Monday, 16 September 2013


LI simple factoring with algebraic equations

Okay, so the key point is that we are rearranging the terms inside the equation not getting rid of them. Basically this is not about solving the problem, finding out what the x, or a, or b actually is but condensing the equation down.

As he said you can always check it back.

Lets look through this example

  • Factor 3x – 12.
The things that are similar in the equations are, well, both numbers can be divided by 3. If you look at the 12 you know that 12 divided by 3 =4, and 3/3=1.

 So factor the 3 number out to the front:
      3x – 12 = 3(          )

      When I divided the "3" out of the "3x", I was left with only the "x" remaining. I'll put that "x" as my first term inside the parentheses:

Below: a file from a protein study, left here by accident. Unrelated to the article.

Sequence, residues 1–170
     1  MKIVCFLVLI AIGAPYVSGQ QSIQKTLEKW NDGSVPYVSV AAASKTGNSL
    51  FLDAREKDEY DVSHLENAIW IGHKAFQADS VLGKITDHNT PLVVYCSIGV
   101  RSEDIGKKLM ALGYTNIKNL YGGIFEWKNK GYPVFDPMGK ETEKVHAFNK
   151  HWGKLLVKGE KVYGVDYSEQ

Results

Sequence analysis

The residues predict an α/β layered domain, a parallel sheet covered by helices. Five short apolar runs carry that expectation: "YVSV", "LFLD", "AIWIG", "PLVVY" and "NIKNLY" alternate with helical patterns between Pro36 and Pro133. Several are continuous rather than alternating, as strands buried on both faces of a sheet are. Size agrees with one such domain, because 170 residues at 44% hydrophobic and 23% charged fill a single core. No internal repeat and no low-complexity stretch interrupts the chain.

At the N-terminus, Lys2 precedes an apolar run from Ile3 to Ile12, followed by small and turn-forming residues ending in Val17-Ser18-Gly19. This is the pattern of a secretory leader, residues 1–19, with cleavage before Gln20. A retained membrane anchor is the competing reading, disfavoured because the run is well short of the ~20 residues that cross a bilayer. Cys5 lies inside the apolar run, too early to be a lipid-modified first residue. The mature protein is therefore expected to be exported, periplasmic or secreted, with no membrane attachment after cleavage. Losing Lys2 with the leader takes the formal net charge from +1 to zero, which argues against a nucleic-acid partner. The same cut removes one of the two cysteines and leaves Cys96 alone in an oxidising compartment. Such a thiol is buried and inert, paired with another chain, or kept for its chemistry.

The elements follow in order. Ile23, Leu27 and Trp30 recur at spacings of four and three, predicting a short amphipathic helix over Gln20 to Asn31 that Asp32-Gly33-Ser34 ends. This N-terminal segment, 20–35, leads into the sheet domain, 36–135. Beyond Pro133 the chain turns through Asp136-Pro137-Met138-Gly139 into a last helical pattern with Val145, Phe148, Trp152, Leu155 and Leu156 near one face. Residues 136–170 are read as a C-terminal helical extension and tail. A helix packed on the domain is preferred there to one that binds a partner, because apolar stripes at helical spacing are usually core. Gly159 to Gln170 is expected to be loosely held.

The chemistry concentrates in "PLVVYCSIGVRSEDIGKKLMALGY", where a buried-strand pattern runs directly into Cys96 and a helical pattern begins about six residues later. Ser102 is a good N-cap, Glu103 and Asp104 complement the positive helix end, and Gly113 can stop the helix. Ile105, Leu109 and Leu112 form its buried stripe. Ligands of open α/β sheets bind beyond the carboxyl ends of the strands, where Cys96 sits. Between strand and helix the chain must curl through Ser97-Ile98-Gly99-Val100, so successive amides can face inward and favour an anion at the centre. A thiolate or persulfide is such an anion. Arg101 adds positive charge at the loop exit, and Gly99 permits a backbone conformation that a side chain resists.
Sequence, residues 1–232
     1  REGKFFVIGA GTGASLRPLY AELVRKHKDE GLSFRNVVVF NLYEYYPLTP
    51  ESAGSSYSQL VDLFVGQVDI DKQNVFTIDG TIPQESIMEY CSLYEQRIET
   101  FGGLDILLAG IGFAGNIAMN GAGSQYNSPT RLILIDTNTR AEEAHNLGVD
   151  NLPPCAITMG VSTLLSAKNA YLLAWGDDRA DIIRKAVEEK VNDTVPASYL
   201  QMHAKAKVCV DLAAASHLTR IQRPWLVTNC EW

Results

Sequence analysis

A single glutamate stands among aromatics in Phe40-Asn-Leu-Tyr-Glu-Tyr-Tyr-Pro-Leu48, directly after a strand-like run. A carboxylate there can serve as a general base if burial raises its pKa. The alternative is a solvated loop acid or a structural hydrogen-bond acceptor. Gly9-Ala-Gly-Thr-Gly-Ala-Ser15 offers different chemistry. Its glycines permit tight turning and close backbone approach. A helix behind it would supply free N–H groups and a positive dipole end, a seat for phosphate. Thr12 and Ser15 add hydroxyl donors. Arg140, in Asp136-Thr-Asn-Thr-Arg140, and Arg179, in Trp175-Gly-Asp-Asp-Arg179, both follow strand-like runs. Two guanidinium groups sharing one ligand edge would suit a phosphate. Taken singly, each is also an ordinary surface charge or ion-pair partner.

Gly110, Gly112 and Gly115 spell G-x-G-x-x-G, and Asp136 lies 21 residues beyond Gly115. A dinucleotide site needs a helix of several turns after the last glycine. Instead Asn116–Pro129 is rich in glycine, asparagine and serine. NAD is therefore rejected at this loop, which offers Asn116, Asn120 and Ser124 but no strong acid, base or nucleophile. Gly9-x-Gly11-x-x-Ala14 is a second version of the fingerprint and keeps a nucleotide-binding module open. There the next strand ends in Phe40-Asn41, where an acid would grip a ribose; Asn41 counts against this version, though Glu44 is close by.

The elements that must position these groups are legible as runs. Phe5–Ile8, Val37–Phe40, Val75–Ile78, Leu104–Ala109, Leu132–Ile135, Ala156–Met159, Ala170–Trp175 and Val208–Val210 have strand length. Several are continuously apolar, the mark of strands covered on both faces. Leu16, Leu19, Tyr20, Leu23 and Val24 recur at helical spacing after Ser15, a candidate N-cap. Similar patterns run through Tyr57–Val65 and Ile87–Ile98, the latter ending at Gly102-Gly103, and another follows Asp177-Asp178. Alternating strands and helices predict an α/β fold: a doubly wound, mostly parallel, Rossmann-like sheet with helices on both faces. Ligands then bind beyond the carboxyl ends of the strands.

3x – 12 = 3(x         )

        When I divided the "3" out of the "–12", I left a "–4" behind, so I'll put that in the parentheses, too:
          3x – 12 = 3(x – 4)

        This is my final answer:  3(x – 4)

      Warning: Be careful not to drop "minus" or "plus" signs when you factor.

      Okay try these examples

      Factor 7x – 7.

      Factor 8x - 16

      Factor 4x - 8y

      Factor 12y2 – 5y.

      Once completed, bring your work up and let me have a look and then you can create a poster sharing your learning for the algebra display wall. 

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